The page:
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Unlike many of my coworkers, I’m far from being considered cutting edge when it comes to technology: I don’t track the latest and greatest developments in cell phone and computer technology (although I do manage to acquire “hip” accessories, i.e. iPhone, MacBook, etc.); I’m hard-pressed to operate a home entertainment center without breaking a sweat; and I social network with gusto one day, and utter disdain the next. Naturally, when my Facebook and Twitter feeds became clogged with FarmVille, Foursquare and Mafia Wars updates, I tossed my virtual hands up in despair. I started using these services to keep up with friends; what I didn’t realize was that “keeping up” meant more than family photos and the occasional work update, it also meant staying apprised of the evolving day-to-day marketplace. But then I read this. Leave it to a designer knockoff discount chain to get me to listen. And apparently, I’m not alone. In its May 31, 2010 issue, Advertising Age reported that a “gaggle of brands, from 7-Eleven to JetBlue, H&M and Tesla Motors are counting on people’s attraction to competition to get them more engaged.” Whether playing for badges, points or simply bragging rights, consumers are turning to alternative realities for more than entertainment. It should come as no surprise that it’s working.
Maybe I’m just blogging out loud, but evolving online communities seem to be trumping real ones in getting our attention. At the very least, they’re raising the bar of consumer expectation and the potential for business outreach.
As the line between real and virtual lives becomes more blurred, it makes sense that smart brands are engaging consumers across all levels. According to a recent Nielsen report: “For US households with Internet access, 75 percent visited a social networking site in May. And more than half of online adults have at least one social networking profile.” It would be downright foolish for marketers to not target this demographic, especially when considering another Nielsen report that found that top social media users are 1. affluent and 2. urban. In plain language, these are the people who have ready access to goods and who have money to spend.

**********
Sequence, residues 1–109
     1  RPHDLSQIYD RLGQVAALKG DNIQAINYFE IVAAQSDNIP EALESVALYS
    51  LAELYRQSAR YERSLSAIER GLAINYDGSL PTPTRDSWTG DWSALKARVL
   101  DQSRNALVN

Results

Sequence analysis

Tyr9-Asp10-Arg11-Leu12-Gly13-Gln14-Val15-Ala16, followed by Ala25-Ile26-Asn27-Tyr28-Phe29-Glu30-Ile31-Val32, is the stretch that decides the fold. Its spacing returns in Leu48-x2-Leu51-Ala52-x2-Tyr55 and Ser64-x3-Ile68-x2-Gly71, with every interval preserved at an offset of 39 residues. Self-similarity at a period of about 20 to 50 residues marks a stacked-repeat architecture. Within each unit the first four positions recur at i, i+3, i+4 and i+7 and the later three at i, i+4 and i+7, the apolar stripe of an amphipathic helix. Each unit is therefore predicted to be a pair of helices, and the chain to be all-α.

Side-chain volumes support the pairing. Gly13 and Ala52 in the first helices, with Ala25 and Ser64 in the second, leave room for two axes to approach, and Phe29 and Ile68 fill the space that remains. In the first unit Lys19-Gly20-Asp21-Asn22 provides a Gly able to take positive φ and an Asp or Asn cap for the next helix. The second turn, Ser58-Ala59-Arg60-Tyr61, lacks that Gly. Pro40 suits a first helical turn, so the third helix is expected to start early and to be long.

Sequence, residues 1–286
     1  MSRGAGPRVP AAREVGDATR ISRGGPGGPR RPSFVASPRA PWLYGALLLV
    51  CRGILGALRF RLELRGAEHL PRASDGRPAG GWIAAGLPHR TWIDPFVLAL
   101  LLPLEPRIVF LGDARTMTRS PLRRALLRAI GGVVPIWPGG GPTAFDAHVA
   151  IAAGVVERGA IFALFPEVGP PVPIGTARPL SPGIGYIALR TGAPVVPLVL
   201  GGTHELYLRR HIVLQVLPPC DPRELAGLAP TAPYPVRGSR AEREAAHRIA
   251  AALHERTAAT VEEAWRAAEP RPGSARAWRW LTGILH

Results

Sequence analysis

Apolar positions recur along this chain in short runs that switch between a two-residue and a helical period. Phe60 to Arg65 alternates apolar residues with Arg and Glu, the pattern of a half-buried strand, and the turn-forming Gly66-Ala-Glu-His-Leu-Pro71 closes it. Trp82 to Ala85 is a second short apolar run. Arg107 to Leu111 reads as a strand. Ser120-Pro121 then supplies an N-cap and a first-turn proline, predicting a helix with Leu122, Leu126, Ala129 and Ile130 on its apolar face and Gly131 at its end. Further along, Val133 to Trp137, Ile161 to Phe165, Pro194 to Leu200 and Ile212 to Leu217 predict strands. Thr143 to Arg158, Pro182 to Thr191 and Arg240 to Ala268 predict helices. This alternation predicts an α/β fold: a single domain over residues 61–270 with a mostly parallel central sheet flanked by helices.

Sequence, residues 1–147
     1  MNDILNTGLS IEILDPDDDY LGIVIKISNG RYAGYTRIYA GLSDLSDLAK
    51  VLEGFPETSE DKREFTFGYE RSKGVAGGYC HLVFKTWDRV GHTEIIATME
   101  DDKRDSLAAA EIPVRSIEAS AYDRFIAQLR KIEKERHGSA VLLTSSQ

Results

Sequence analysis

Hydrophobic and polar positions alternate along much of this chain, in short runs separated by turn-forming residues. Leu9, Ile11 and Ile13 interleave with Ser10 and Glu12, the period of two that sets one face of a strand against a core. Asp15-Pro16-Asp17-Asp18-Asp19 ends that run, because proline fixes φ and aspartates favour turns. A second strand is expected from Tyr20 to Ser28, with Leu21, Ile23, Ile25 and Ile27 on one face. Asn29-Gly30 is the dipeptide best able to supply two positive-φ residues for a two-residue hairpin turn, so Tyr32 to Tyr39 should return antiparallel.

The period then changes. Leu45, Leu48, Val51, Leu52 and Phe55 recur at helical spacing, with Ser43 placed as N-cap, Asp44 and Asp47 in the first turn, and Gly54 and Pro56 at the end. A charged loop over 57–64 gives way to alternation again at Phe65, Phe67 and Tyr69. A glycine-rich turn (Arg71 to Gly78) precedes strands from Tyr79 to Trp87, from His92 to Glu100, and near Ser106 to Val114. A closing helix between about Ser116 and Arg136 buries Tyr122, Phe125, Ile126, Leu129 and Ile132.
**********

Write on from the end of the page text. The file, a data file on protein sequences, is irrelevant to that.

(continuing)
Take, for example, this report from digital marketing news site ClickZ. It asserts that while Foursquare is “hands-down the leader of the location-based/geo-social marketing space when it comes to hype [and I’d be quick to point out it is by far the favorite among my young, professional friends], other services are making their marks among both brands and users.” It then goes on to site successful online campaigns to engage consumers from The Gap, Olay and Pepsi. It’s no coincidence that these brands are both industry leaders and ahead of the virtual game. That is, after all, what this is. It’s the Game of Life. Whether they realize it or not, consumers are in it to play, and smart brands – should knowingly – be in it to win.
What team are you on?